A commemorative postage stamp on the Death Anniversary of Jatindranath Mukherjee – Bagha Jatin :
Issued on Sep 9, 1970
Issued for : The Posts and Telegraphs Department joins the millions in this country in paying its silent homage to the memory of this invincible harbinger of national freedom and glory, by issuing a special commemorative stamp in honour of Jatindra Nath Mukherjee.
Description of Design : The design of the stamp is horizontal and depicts a portrait of Jatindra Nath Mukherjee holding the reins of a horse.
The design is based on the drawing prepared by Shri C. Kar, Principal, Govt. College of Art & Craft, Calcutta.
Type : Stamp, Postal Used
Colour : J.B.A’s Red Brown
Denomination : 20 Paise
Overall Size : 4.06 X 2.28 cms.
Printing Size : 3.80 X 2.0 cms.
Perforation : 14 x 14½
Watermark : Printed on unwatermarked adhesive stamp paper
Number Printed : 30,00,000
Number per issue sheet : 50
Printing Process : Photogravure
Designed and Printed at : India Security Press
Name : Jyotindra [as he signed] Nath Mukhopadhyay [Baghajatin]
Born on Dec 7, 1879 at Kusthia, Nadia, Bengal, India [now Bangladesh]
Died on Sep 10, 1915 at Balasore, Odisha, India
- Jatin Mukherjee was a legendary name which sent a thrill among the younger generation of this country at the beginning of the First World War. Jatindra Nath Mukherjee was better known as Bagha Jatin because, as a young man he had tackled a Royal Bengal Tiger single-handed in his native village and killed it with a knife. This was not merely a feat of brute physical strength and great presence of mind, it was an instance of the cool courage and self-sacrificing determination which characterised him at all times. In fact, his contemporaries regarded him as a superman.
- Jatindra Nath Mukherjee was born in December, 1879 in a respectable and well-to-do Brahmin family of Jessore. His father, Umesh Chandra was a profound scholar, reputed for his strength of character and courage. His mother, Sharat Shashi Debi, was a poet of considerable merit. Even at an early age Jatin showed a remarkable development of body and mind. As a school boy, one day he halted a frenzied horse rushing down the streets of Krishnanagar and creating panic among the people. After calming it down, he returned the horse to its owner. While a student, he met Swami Vivekananda and came under his influence. Jatindra Nath, however, felt that the spiritual regeneration of India would not be possible till India was politically free. Even though Jatin joined the Bengal Secretariat as a stenographer and spent half the year at Darjeeling and the other half in Calcutta, he found time for other more important interests in his life. By his personal magnetism, he attracted youngmen who thronged round him to hear his lectures on Geeta and other sacred texts. But his classes extended beyond the Geeta to the fiery works of Yogendra Vidyabhushan, Bankim and many foreign authors and thinkers. He endeavoured to create in his audience a deep-rooted love for the Motherland whose bondage was much too painful for him to bear.
- In April, 1900. Jatindra Nath Mukherjee was married to Indubala Debi; and his children Ashalata, Tejen and Biren are still alive [during the issuance of this stamp]. When war broke out in 1914, Jatindra Nath went underground; a hushed rumour had it that he was preparing for an armed uprising for the freedom of the nation. Jatindra Nath’s idealism and bearing impressed Aurobindo Ghosh, who advised him in the revolutionary movement for the independence of the Motherland. In this connection, he travelled from district to district organising the movement. When Sri Aurobindo was on trial in the Alipore Bomb Conspiracy Case, Jatindra Nath organised a series of daring actions to hamper the prosecution. Eventually, Jatindra Nath was arrested and put on trial with a number of others in the Howrah Conspiracy Case, but the case failed.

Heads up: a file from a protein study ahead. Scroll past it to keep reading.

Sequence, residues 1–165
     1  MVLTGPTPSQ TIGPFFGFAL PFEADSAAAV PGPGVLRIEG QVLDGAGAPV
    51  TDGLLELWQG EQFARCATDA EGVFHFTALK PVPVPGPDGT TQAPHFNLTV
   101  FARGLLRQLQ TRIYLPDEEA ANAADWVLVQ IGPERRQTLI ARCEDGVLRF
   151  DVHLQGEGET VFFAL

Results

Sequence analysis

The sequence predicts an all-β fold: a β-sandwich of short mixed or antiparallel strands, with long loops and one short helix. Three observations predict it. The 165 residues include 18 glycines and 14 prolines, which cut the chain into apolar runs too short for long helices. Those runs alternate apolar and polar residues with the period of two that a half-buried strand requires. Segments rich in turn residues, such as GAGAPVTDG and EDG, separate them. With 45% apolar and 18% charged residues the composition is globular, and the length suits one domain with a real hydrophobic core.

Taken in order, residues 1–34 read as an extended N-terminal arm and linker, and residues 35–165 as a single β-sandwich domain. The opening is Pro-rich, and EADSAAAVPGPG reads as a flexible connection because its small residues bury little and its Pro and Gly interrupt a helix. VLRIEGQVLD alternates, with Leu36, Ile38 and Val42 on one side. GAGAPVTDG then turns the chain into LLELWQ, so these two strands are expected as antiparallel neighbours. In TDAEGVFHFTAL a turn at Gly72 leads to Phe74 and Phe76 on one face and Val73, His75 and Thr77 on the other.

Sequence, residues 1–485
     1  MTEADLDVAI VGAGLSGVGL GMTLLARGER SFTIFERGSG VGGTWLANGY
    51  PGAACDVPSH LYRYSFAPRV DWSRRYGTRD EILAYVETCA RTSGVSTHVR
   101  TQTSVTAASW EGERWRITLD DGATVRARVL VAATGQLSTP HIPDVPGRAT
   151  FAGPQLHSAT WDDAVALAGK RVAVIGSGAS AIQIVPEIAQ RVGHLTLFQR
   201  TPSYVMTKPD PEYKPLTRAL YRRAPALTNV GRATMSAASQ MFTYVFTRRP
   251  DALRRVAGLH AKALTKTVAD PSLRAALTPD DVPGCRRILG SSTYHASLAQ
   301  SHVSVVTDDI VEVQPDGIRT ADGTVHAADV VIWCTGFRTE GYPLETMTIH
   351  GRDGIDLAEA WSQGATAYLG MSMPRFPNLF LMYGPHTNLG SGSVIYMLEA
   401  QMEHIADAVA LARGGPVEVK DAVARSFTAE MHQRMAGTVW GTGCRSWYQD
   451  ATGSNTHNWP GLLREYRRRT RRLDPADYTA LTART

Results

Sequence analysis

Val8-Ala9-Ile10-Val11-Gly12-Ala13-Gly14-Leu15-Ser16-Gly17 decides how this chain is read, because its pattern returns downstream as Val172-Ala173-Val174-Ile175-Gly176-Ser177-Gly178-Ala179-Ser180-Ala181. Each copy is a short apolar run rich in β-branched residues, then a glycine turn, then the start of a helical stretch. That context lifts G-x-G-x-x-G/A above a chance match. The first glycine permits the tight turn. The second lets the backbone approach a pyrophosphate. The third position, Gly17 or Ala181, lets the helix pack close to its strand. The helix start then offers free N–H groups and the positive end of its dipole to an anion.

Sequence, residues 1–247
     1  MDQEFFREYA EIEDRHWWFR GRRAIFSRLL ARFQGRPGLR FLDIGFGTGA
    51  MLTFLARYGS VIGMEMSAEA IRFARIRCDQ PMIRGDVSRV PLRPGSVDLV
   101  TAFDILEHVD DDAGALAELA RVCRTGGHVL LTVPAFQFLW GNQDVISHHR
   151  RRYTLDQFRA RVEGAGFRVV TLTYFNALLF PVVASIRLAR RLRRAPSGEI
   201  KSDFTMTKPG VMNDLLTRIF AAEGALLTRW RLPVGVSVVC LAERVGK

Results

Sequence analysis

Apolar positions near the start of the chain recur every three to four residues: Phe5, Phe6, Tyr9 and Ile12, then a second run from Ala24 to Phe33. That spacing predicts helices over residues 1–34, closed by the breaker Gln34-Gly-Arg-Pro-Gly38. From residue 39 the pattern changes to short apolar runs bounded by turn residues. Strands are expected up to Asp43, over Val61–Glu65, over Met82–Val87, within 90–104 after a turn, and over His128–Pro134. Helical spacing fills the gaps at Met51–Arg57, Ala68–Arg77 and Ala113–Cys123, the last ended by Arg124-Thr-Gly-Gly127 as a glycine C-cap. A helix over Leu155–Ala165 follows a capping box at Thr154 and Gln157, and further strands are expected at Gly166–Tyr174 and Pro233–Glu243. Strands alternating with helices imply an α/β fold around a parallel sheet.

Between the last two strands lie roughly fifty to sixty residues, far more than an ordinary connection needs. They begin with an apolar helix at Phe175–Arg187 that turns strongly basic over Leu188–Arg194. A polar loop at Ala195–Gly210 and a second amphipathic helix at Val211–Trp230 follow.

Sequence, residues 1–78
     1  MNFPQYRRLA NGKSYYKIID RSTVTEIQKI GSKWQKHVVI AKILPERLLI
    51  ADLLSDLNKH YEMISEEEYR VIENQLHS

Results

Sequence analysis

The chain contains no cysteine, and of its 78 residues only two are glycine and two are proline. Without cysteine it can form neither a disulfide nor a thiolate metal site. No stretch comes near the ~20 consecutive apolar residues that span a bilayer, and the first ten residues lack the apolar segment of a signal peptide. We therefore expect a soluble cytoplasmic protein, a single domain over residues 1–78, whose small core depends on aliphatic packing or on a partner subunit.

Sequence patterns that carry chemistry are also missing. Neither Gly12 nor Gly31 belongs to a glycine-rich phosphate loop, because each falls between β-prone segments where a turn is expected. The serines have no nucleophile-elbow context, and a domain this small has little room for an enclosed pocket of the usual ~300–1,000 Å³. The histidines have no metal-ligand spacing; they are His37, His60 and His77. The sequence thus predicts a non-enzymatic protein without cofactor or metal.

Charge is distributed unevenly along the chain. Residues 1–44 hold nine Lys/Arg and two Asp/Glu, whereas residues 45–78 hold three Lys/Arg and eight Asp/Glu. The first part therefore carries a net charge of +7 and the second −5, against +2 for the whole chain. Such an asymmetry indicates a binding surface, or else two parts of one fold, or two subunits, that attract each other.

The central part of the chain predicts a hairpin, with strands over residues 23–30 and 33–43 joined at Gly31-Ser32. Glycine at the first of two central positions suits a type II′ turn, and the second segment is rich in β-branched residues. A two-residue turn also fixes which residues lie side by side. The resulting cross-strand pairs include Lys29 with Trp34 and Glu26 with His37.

- At that time, the Indian revolutionaries had spread over the world to seek support for the freedom struggle. The then German Government was to extend aid in the form of supply of arms, money and officers and these arrangements were to be channelised through the German Embassy in U.S.A. The plans of the Indian revolutionaries were, however, betrayed to the Allied powers, who seized chartered ships with German arms aboard on the high seas. This exposed Jatindra Nath who had to seek shelter In the then Indian State of Mayurbhanj. The British Police mobilised all their resources within a radius of many miles In Mayurbhanj and the neighbouring Balasore District of Orissa and organised an elaborate man-hunt after the revolutionaries. Rewards were announced and the revolutionaries were branded as ‘dacoits’. Jatindra Nath and his party were often surrounded by police parties and there were several skirmishes. Finally, on the 9th September, 1915, they were brought to bay and there was a pitched battle between the revolutionaries and the police aided by an Army unit on the banks of the river Bura–Balam in the village of Chashakhanda in Balasore District. It was an unequal battle between a handful of revolutionaries ill-equipped and bedraggled, and the organised might of the then British Empire. Even so, the battle lasted 75 minutes. Jatindra Nath fell mortally wounded. He was taken to Government hospital at Balasore where he expired the next morning. Thus ended the spectacular career of one of the heroes of the nation’s grim struggle for freedom. He blazed a trail and fired the imagination of his people in their fight for Independence. Since then, the 9th of September is hallowed by the memory of this heroic son of India.